Family’s heartache after Hebburn boy diagnosed with one in a million condition – Chronicle Live

By daniellenierenberg

A one-year-old boy has been diagnosed with a condition so rare only one in a million people suffer from it.

Max Gardner was diagnosed with aplastic anaemia - a condition that means the bone marrow and stem cells do not produce enough blood cells and is fatal if untreated.

He was diagnosed after his parents, Connor Gardner and Rachel Nicholson, who live in Hebburn, became alarmed by significant bruising and rashes all over his body.

The couple took him to South Tyneside District Hospital, where he was incorrectly diagnosed with immune thrombocytopenic purpura, a condition which a child will grow out of.

However, as Maxs condition worsened, he ended up at the Royal Victoria Infirmary in Newcastle, where doctors conducted tests which showed he had the much rarer aplastic anaemia.

Connor said: He looked like he was a child abuse victim; we were really worried about what people would think, as he was covered in bruises.

We took him to the RVI for further tests, and they realised that maybe the condition was worse. Initially, we thought he would be diagnosed with leukaemia, but the consultant told us that it was aplastic anaemia after a bone marrow biopsy, which was administered under anaesthetic.

They told us about the condition, and that the outcome could lead to death if Max was to catch any type of sickness bug, as his immune system was non-existent.

We got our emotions out after we got the diagnosis we had a cry but we knew that we needed to be there for Max and help him get better.

The only way to cure aplastic anaemia fully is with a bone marrow transplant, and both Connor, 29, and Rachel, 27, were tested to see if they were matches.

Fortunately, Rachel was a near-perfect match, a very rare scenario.

Connor said: Usually they would use siblings for the transplant but Max does not have any. There is about a 25% chance that me or Rachel would be a match, and then there is about a 1% chance that it would be a 9/10 match.

The condition that Max has affects one in a million people, so it is very unfortunate for Max to have had this condition, but it is lucky that his mother has been a near-perfect match.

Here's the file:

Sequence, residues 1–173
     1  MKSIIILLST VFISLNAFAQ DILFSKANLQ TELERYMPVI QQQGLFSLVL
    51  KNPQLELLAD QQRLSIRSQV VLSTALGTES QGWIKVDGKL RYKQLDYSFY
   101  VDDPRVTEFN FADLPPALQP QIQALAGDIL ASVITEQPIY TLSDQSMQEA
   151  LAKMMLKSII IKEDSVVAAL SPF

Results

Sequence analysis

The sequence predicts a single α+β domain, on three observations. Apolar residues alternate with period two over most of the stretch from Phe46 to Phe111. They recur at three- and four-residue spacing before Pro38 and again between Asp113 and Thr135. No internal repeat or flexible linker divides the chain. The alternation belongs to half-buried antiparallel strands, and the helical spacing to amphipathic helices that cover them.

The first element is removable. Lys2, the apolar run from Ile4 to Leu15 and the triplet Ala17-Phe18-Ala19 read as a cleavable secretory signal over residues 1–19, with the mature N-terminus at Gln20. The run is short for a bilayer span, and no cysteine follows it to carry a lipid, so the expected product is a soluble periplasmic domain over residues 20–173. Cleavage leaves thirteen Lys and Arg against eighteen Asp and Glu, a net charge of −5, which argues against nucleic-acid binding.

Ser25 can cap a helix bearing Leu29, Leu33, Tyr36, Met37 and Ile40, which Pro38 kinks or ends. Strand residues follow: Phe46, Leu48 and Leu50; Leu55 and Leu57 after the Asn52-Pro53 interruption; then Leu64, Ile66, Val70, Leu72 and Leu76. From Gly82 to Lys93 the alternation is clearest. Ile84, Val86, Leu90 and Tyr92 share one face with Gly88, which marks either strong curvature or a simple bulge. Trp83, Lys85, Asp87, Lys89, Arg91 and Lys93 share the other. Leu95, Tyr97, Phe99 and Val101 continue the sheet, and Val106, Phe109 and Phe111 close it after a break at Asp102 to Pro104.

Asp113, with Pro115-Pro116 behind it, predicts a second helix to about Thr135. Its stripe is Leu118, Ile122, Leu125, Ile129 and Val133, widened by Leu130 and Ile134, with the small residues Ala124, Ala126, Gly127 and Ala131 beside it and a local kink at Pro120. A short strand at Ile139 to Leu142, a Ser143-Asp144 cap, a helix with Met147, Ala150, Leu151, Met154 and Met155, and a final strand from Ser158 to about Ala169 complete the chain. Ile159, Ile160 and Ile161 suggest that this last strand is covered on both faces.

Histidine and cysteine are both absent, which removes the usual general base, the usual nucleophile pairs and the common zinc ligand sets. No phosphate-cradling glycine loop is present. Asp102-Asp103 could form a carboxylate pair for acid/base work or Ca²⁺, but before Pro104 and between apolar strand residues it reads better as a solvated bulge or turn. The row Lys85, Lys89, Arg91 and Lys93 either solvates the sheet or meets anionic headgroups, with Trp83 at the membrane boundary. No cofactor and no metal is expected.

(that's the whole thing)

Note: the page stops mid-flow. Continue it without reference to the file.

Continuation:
Chemotherapy is the next stage before you have the transplant, but that can lead to wiping out fertility, so we agreed to a new trial that would give Max the best chance of being able to have children of his own when he grows up.

They take a biopsy of one of his testicles and they store it for future; it is the best chance he has of having a child when he is older if he is infertile.

The family now have to shield for two weeks, before Max and his mother head back to hospital and onto the transplant ward, where he will spend the next two months.

Fortunately, Rachel can stay with Max during this time, but Connor can only see his son at specific visiting hours and has to isolate, so that the risk of spreading any illness is at a minimum.

He said: Max starts his chemotherapy on December 10, which takes place over five days, and during that time Rachel will be getting treatment so that the hospital can help harvest her bone marrow.

Then, when she goes to give the transplant, she will be there for four hours while the machine separates the bone marrow before it is given to Max.

Then he gets a bone marrow transplant, which is very similar to a normal blood transfusion."

Connor and Rachel have set up a fundraising page to help pay for the added costs of not working and to help them support them through this tough time.

He said: We have been overwhelmed with the support that people have given us and the GoFundMe page has been a great way for people to give us time.

I have been taken back by the generosity of total strangers.

Connor stressed the importance of raising awareness for bone marrow transplants, and had his fiance not been a very rare match, they would likely have had to wait for a match on the donor register.

I think it is important to raise awareness of the Anthony Nolan page. We have been lucky enough to get a donor for Max through his mam, but there are lots of people out there who have not been so lucky and are waiting for a donor.

We have met a little girl who is eight years old and she hasnt got a match yet, so we are just hoping that people will join the donor list as it may save someones life.

You can donate to the fundraising campaign by visiting here.

Continued here:
Family's heartache after Hebburn boy diagnosed with one in a million condition - Chronicle Live

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